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Crit Care Med. 2006 Mar;34(3):625-31.

A multicenter, prospective validation of disseminated intravascular coagulation diagnostic criteria for critically ill patients: comparing current criteria.

Author information

1
Department of Anesthesiology and Critical Care Medicine, Hokkaido University Graduate School of Medicine, Sapporo, Japan. gando@med.hokudai.ac.jp

Abstract

OBJECTIVES:

To validate scoring algorithm criteria established by the Japanese Association for Acute Medicine (JAAM) for disseminated intravascular coagulation (DIC) and to evaluate its diagnostic property by comparing the two leading scoring systems for DIC, from the Japanese Ministry of Health and Welfare (JMHW) and International Society on Thrombosis and Haemostasis (ISTH).

DESIGN:

Prospective, multicenter study during a 3-month period.

SETTING:

General critical care center in a tertiary care hospital.

PATIENTS:

Two hundred seventy-three patients with platelet counts<150x109/L were enrolled.

INTERVENTION:

None.

MEASUREMENTS AND MAIN RESULTS:

The JAAM, JMHW, and ISTH DIC scoring algorithms were prospectively applied within 12 hrs of patients meeting the inclusion criteria (day 0) to days 1-3, by global coagulation tests. The numbers of systemic inflammatory response syndrome (SIRS) criteria and Sequential Organ Failure Assessment (SOFA) scores were determined simultaneously. Mortality associated with any cause was also assessed 28 days after the enrollment. All global coagulation tests and SIRS criteria adopted in the JAAM criteria and their cutoff points were validated with use of SOFA scores and mortality rate. DIC diagnostic rate of the JAAM DIC scoring system was significantly higher than that of the other two criteria (p<.001). The JAAM DIC algorithm was the most sensitive for early diagnosis of DIC (p<.001). PATIENTS who fulfilled the JAAM DIC criteria included almost all those whose DIC was diagnosed by the JMHW and ISTH scoring systems. The JAAM DIC scores showed significant correlation with SOFA scores ([rho]=0.499; p<.001). SOFA score and mortality rate worsened in accordance with an increase in the JAAM DIC score. Fibrinogen criteria had little effect in predicting outcome for the DIC patients, and a total score of 4 points in the JAAM scoring system without fibrinogen was closely related to poor prognosis. According to the results, we revised the JAAM criteria by excluding fibrinogen and confirmed that the DIC diagnostic properties of original criteria remained unchanged in the revised JAAM criteria.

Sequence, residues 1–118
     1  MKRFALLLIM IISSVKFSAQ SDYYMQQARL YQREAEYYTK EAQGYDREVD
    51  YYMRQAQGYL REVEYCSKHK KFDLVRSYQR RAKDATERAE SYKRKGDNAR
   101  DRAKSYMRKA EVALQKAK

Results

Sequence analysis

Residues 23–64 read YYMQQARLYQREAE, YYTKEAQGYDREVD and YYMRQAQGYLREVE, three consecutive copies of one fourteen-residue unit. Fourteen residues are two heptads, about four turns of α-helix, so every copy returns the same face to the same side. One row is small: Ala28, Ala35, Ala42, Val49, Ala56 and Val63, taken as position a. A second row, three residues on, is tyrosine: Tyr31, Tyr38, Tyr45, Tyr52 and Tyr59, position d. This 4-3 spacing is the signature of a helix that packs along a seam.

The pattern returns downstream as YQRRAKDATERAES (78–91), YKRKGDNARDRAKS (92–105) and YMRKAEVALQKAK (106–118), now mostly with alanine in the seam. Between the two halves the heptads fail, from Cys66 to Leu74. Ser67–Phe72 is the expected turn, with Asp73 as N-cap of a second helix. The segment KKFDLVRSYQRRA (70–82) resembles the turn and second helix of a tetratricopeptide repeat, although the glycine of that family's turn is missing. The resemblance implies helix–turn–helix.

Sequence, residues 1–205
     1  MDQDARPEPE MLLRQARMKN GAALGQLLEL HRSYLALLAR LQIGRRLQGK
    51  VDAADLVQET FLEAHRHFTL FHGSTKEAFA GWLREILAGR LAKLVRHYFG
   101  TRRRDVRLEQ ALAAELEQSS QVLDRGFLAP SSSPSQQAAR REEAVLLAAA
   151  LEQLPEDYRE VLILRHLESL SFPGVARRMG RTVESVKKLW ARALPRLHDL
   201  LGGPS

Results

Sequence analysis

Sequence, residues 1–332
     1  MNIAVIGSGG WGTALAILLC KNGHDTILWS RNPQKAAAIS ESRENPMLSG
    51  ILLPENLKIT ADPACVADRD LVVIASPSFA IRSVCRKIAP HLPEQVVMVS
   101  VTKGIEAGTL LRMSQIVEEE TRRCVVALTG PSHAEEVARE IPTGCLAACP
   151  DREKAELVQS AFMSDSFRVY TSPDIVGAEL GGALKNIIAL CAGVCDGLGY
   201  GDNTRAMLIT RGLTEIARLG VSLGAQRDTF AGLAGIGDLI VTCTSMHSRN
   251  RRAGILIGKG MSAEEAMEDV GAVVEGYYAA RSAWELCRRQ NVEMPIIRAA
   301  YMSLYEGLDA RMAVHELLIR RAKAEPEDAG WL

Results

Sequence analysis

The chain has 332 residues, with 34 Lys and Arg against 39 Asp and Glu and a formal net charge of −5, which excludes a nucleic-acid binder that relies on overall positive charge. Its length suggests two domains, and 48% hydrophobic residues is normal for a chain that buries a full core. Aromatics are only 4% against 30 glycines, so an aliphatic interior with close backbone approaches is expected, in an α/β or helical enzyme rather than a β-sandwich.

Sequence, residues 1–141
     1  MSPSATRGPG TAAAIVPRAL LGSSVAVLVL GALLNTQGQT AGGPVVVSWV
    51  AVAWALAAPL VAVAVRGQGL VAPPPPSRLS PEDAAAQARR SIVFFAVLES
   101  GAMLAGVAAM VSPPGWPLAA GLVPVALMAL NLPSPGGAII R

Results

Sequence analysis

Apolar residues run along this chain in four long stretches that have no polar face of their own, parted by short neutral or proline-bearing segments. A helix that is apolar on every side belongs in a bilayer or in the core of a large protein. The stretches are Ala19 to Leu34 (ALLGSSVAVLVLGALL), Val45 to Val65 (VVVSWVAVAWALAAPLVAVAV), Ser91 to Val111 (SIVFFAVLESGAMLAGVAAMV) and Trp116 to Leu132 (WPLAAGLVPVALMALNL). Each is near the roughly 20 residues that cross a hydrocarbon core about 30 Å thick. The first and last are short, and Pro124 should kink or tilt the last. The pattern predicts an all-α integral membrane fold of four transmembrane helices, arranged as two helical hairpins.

CONCLUSIONS:

The JAAM scoring system has an acceptable property for the diagnosis of DIC. The scoring system identified most of the patients diagnosed by the JMHW and ISTH criteria. Revised JAAM DIC criteria preserved all properties of the original criteria for DIC diagnosis. The revised scoring system can be useful for selecting DIC patients for early treatment in a critical care setting.

PMID:
16521260
[Indexed for MEDLINE]
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